The 6 best ways to invest money in Spain
- Buy stocks on an EU platform. This is a typical way to hold company shares. You must be careful with this
approach though as a lot of knowledge and research is needed. You can make a lot of money in this way (if you have the
experience) but equally you could lose it all. Only for those with an appetite for risk.
- Invest in a Spanish Compliant Bond for tax benefits. These products offer tax efficiency for the expat
investor in Spain. They can hold varying investments but usually NOT individual stocks or shares. They are managed by your financial advisor.
- Commit money to a fixed, high interest product. Here you receive a guaranteed rate of return for a
fixed term. Usually three to five years. Good whilst central bank interest rates are high if you can lock in 5% or more.
- Keep funds in a Pension. You could contribute to a Spanish personal pension - typically offered by life
assurance companies or the banks in Spain. Be aware however that you could be locked in for a long time and tax relief on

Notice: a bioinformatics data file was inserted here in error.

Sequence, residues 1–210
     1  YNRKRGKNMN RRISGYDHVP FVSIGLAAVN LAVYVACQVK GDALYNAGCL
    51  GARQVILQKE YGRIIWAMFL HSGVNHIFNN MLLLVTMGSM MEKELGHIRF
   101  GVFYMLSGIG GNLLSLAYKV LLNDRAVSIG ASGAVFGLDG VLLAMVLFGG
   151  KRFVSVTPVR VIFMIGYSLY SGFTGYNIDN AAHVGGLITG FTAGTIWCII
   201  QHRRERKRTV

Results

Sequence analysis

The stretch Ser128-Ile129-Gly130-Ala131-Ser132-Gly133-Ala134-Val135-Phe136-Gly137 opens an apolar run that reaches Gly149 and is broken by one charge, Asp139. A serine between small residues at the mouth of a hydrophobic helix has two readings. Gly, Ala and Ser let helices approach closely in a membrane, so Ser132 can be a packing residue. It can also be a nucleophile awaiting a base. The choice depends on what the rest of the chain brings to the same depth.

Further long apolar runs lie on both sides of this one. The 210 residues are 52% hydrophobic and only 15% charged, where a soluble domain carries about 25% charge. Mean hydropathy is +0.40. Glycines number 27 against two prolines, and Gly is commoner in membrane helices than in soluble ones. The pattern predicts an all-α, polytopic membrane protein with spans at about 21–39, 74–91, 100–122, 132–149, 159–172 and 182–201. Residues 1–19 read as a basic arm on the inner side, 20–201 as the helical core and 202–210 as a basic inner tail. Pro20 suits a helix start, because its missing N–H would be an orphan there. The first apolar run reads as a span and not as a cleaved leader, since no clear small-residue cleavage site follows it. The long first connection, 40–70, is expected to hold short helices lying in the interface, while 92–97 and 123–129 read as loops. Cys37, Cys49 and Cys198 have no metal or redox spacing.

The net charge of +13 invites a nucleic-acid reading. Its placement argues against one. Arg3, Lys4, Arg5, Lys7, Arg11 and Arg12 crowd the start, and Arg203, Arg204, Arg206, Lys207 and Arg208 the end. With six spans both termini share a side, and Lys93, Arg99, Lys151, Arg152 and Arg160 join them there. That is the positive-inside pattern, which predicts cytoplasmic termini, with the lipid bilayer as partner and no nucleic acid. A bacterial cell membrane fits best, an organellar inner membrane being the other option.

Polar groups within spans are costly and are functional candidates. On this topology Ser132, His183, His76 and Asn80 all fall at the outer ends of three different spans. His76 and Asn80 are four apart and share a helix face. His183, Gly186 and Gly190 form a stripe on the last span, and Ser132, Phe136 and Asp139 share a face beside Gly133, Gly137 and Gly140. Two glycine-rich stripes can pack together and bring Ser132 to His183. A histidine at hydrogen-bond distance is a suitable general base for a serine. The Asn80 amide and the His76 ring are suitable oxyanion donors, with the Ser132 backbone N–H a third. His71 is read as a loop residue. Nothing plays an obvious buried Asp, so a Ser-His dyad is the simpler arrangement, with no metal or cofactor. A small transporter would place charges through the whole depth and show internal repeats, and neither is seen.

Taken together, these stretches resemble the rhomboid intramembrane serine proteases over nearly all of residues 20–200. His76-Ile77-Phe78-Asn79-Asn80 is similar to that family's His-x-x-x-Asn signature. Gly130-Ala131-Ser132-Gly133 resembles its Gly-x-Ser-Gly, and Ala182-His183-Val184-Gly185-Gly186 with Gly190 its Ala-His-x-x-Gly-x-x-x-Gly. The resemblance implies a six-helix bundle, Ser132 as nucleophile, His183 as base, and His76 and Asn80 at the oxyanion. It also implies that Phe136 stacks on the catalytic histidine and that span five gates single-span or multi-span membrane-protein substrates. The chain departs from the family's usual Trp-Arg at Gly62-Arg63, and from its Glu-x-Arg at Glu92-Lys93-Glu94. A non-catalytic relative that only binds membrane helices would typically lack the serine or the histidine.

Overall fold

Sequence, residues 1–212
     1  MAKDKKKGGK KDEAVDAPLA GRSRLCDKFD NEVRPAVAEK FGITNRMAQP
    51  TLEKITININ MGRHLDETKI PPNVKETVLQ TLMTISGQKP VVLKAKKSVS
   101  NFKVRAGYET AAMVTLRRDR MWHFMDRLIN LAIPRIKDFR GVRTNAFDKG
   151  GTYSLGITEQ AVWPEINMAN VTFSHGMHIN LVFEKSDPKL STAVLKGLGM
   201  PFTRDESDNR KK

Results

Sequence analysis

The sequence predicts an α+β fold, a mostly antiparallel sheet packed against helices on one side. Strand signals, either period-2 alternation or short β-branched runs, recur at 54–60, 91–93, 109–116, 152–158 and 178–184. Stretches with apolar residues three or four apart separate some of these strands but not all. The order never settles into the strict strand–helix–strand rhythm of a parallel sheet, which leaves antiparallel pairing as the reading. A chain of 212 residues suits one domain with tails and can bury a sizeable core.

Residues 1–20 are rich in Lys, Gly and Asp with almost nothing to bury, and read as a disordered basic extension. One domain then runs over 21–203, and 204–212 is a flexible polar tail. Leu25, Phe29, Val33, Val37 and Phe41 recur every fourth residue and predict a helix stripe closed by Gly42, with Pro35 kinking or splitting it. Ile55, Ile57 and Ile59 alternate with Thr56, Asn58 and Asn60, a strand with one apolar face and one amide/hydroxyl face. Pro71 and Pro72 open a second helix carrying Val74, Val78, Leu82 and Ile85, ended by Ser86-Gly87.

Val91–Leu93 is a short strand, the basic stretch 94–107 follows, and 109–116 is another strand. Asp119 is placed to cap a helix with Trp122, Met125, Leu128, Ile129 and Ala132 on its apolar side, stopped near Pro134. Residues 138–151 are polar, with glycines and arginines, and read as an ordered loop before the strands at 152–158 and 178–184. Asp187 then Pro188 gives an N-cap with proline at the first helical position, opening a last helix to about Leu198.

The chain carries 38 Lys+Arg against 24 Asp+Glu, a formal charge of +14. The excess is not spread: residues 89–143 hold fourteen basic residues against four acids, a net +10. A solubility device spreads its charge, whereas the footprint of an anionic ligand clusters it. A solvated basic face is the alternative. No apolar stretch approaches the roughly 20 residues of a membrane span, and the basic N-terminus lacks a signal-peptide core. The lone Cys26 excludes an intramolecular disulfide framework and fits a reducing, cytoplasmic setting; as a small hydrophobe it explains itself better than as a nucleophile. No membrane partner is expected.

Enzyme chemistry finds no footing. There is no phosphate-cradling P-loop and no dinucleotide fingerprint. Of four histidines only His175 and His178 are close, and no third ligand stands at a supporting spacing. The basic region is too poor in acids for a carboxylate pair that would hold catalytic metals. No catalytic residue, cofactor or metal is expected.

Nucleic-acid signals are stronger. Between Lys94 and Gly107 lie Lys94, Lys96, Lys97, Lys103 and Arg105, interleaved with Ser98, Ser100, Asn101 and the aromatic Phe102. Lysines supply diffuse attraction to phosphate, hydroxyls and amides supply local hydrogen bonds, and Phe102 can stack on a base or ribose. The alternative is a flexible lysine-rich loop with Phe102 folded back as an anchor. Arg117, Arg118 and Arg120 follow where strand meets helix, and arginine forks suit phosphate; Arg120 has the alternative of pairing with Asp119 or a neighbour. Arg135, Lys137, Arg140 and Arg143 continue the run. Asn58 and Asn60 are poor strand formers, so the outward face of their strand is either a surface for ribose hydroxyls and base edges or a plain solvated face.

contributions in Spain is miserably low.
- Own ETF index trackers. ETFs or 'Exchange Traded Funds' are low cost investments that
mirror the performance of a particular index (such as the S&P 500 in the US) or a particular sector such as energy.
You can also get commodity trackers such as gold or silver.
- Invest in mutual funds. Mutual funds, also know as collective investments, are where you pool your
money with other investors in the 'fund' which is usually managed by a team of 'fund managers'. Depending on the theme of
the fund, the management team will buy and sell equities and bonds after high level research and analysis.
- Invest in government bonds. Buying bonds is essentially buying debt instruments - the purpose of
which is to benefit from the bond's 'yield' or interest rate. The safest bonds are issued by governments from stong
economies such as the UK (where they are known as 'gilts') or the US (where they are known as treasury bills).
- Using a dicretionary fund manager or DFM If you invest large amounts of money a DFM may be
appropriate. The DFM will build a bespoke portfolio of stocks, bonds, ETFs and mutual funds according to your own needs
and risk profile.
Patrick Macdonald ASCI
International Financial Adviser